LONDON (AP) - The 19-country eurozone economy is growing steadily but there's no sign of any marked lift-off, a key survey showed Wednesday in another development that's likely to pile pressure on the European Central Bank to expand its stimulus next month.
LONDON (AP) — The 19-country eurozone economy is growing steadily but there's no sign of any marked lift-off, a key survey showed Wednesday in another development that's likely to pile pressure on the European Central Bank to expand its stimulus next month.
In its monthly survey of economic conditions around the single currency bloc, financial information company Markit said its composite purchasing managers' index — a broad gauge of economic activity encompassing both the manufacturing and services sectors — rose to 53.9 points in October from the four-month low of 53.6 in September.
Anything above 50 indicates expansion and, according to Markit, October's figure points to quarterly growth of 0.4 percent.
That's on a par with recent quarters but doesn't amount to much — around 1.6 percent on an annualized basis, which is markedly lower than the rate of growth the U.S. economy has experienced for much of the past few years and not enough to lower unemployment rates across the eurozone quickly.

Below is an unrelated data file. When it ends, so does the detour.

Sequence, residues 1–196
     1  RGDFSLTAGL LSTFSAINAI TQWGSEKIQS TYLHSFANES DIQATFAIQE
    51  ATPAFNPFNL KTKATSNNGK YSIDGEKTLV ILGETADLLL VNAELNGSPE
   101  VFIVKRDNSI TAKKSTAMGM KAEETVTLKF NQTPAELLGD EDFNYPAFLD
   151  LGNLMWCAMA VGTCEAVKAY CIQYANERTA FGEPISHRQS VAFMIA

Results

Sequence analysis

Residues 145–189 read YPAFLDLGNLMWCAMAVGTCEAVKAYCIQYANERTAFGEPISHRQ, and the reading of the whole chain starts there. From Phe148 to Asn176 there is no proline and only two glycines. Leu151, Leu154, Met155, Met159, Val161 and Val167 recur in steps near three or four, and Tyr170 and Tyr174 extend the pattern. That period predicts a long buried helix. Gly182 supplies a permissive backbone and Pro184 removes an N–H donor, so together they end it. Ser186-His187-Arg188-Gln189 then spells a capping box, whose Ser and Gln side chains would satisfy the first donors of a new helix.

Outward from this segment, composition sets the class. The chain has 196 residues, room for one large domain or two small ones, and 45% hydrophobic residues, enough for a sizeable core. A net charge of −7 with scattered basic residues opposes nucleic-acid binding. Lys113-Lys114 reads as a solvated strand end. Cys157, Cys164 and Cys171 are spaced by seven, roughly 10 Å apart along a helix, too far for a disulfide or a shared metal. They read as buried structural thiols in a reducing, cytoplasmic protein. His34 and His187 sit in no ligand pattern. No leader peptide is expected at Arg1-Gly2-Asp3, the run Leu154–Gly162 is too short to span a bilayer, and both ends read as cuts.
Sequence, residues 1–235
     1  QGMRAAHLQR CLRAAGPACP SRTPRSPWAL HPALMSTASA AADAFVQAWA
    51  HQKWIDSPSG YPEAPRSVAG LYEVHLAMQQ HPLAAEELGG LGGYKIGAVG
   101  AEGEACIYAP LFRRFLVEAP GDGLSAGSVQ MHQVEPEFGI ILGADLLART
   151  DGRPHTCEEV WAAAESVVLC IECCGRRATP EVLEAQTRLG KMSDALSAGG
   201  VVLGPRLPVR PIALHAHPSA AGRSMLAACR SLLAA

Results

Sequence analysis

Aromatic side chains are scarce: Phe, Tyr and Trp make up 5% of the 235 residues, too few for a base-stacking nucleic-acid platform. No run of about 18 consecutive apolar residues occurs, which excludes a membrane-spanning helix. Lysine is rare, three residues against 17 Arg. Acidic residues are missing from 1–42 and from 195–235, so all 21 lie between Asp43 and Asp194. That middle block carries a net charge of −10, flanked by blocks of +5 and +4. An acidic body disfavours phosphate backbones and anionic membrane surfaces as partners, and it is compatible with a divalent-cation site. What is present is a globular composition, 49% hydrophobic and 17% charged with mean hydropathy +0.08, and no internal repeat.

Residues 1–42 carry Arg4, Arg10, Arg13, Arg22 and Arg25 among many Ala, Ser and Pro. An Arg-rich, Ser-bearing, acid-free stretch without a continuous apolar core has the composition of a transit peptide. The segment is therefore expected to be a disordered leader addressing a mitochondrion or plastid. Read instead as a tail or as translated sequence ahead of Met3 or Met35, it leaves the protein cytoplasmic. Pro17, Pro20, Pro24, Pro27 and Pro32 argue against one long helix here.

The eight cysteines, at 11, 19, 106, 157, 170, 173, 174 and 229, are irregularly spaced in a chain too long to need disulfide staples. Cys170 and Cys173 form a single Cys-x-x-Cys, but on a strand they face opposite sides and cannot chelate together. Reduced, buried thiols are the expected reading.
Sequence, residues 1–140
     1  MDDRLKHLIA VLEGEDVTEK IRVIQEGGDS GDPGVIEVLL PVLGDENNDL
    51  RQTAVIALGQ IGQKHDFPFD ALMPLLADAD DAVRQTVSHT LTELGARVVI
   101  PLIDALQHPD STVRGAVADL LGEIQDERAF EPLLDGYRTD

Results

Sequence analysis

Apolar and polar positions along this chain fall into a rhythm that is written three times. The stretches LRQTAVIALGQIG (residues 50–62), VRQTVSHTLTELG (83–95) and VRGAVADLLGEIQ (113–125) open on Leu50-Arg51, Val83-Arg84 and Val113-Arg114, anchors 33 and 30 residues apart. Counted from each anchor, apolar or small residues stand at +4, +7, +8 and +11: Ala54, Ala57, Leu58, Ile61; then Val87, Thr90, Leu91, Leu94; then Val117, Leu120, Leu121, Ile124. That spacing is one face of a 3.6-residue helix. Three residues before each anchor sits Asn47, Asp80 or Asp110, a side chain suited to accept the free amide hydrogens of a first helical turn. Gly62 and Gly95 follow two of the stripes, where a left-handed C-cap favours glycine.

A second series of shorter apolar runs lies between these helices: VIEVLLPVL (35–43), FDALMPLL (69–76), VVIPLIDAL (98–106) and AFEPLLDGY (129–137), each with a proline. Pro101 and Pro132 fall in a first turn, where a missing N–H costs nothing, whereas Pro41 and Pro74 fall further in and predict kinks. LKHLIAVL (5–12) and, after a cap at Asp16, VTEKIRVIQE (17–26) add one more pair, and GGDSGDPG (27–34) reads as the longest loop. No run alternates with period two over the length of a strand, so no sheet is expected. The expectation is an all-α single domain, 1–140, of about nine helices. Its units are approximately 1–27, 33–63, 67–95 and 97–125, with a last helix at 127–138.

"The pace of growth looks set to remain frustratingly weak given the amount of stimulus in play at the moment," said Markit's chief economist Chris Williamson.
Of the four big eurozone countries, Markit found that Spain, which has the second-highest level of unemployment in the region after Greece and which is set for a general election next month, is experiencing the highest rate of quarterly growth at around 0.7 percent. Germany is close behind at 0.4 percent and Italy is at 0.3 percent, with France lagging at 0.2 percent.
The survey also showed subdued inflation within the eurozone. That's the issue most concerning policymakers at the ECB and which is expected to lead them to boost the stimulus program in December. The ECB is currently buying 60 billion euros ($66 billion) worth of bonds in the markets in an effort to get inflation back toward its target of just below 2 percent. In the year to October, inflation was zero.